Income from global equities? Here's how the year ahead is shaping up

Dan Pennell

Plato Investment Management

While many investors ignore the income potential in global equities, actively managed global equities portfolios continue to be a pillar of strength for income-seeking investors, importantly, providing diversification away from the traditional Australian income stocks and helping to mitigate concentration risk.

After 2020’s pandemic-driven income cuts, global investors have seen strong growth in dividends across 2021 (+12.8% in AUD), and again in 2022 (+15.8% in AUD). 

We again expect dividends from global equities to increase in 2023, however, that strong growth trend following the post-COVID period when there was a sharp recovery, will moderate as interest rate rises bite. 

How 2022 ended for global dividends

In the final quarter of 2022, we continued to see some large companies, for example, Microsoft Corp, Johnson & Johnson, and Proctor & Gamble, increase their dollar payouts versus Q4 2021. In addition, businesses like Volkswagen AG have recently paid out further special dividends.

Across sectors, we’re also seeing some standouts for dividends. The big recent increases have been from energy companies, with the sector considerably outperforming all other sectors in 2022.

Strong balance sheets, driven by the commodity rally, enabled increased payouts from businesses including Shell, BP plc and Exxon Mobil Corp

We think this strength can continue into 2023 with energy prices likely to remain elevated.

Global developed markets paid out $A419 billion during Q4. Plato notes income growth was positive in AUD terms, (+6.2% v Q4 2021), although this was largely driven by currency movements, another potential benefit of global diversification.

Dividend growth in local currency terms did slow in the quarter (+0.4% v Q42021), reflecting global inflation and concerns regarding economic growth in 2023. While the small number of companies cutting to zero in Q4 (6.9%) remains at pre-pandemic levels. 

This supports our house view of future dividend strength.

A closer look at the year ahead

Plato Investment Management’s propriety Dividend Cut Model is showing an 11.2% chance of dividend cuts in global developed markets in 2023, which is below the long-term average. 

Source: Plato Modelling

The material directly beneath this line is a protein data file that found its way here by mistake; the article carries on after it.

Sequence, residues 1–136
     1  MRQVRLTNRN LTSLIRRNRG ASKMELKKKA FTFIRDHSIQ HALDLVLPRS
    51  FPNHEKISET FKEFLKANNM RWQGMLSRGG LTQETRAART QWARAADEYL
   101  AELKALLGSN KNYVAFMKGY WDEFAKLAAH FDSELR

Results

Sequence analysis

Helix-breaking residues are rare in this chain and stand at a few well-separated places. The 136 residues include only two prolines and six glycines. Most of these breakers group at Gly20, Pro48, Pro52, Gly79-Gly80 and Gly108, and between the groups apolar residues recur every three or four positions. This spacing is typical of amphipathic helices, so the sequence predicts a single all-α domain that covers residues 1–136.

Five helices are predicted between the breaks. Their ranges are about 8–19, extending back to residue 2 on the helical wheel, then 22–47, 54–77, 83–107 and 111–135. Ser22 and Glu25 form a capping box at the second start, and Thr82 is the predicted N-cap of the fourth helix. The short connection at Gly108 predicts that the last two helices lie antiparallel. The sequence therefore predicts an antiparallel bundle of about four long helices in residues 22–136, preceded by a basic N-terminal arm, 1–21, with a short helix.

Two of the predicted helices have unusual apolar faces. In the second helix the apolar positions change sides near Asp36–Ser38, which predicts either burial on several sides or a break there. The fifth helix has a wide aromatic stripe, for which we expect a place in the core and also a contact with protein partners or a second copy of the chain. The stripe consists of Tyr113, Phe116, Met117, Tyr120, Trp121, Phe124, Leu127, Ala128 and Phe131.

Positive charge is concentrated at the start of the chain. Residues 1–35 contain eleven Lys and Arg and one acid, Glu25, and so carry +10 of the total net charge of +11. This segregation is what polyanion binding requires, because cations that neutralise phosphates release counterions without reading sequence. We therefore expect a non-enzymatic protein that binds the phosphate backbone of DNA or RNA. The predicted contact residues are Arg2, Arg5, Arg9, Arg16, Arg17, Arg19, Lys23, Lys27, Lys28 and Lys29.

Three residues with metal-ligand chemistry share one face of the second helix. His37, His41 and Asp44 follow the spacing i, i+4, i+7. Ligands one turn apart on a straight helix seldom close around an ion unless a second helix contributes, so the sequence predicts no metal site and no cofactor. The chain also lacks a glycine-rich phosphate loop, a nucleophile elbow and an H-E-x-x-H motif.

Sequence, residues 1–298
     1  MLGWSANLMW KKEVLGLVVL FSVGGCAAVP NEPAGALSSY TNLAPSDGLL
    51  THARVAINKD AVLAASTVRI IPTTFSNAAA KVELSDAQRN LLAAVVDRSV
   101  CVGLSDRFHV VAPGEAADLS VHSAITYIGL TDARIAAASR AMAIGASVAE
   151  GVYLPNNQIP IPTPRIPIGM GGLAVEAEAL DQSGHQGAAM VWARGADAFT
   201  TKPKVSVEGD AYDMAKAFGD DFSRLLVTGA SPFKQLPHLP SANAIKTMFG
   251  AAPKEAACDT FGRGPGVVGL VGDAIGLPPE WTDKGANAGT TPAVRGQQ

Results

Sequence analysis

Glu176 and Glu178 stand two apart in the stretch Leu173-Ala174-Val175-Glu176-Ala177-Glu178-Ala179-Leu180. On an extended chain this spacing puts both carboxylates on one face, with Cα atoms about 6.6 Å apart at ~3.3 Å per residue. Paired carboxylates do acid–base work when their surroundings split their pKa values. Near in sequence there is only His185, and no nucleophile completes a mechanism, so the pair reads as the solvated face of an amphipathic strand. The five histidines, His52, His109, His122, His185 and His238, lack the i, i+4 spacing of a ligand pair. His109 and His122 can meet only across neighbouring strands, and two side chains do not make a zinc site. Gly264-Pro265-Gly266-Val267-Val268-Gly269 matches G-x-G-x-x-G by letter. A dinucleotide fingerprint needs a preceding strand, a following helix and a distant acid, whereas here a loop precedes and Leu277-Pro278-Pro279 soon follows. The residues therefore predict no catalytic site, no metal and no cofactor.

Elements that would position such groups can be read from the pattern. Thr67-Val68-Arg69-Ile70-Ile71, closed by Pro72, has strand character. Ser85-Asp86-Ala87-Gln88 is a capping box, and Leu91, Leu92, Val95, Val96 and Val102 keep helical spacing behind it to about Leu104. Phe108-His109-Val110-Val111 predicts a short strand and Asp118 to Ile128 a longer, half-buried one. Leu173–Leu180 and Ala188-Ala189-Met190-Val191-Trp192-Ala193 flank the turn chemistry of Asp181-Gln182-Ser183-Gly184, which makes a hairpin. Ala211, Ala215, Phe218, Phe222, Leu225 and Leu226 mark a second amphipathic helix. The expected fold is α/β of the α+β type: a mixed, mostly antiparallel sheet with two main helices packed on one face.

This benign risk of widespread dividend cuts in global developed markets, gives us great confidence in the year ahead for global dividends and continues to indicate a positive outlook for income.

Although not significantly elevated, Real Estate and Retail are the highest risk industry groups.

Importantly, in the current messy global macro environment, investors must be selective when it comes to dividends, and pay attention to the risk of dividend traps.

One global sector we’re watching very closely for potential dividend traps is Consumer Discretionary, where yields strengthened further over the past year driven by surprisingly strong household balance sheets.

As we look to 2023, it will be interesting to see how the sector goes, given it historically struggles when we see the cost of living pressures and weakening consumer sentiment.”

Global shares continue to provide Australian investors with a great source of diversified income.

The continued post-pandemic growth in global dividends is good news for retirees and other income investors. However, amid economic uncertainty active portfolio management remains critical.

You can access Plato's latest Global Income Report here. Or follow the Plato team on LinkedIn for regular insights and updates. 

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Dan Pennell
Senior Portfolio Manager
Plato Investment Management

Daniel is lead manager for the Plato Global Shares Income Fund and Global Low Carbon Fund. Daniel is the chair of the Plato ESG Committee. Prior to joining Plato he was a Portfolio Manager at Realindex Investments, responsible for global equity...

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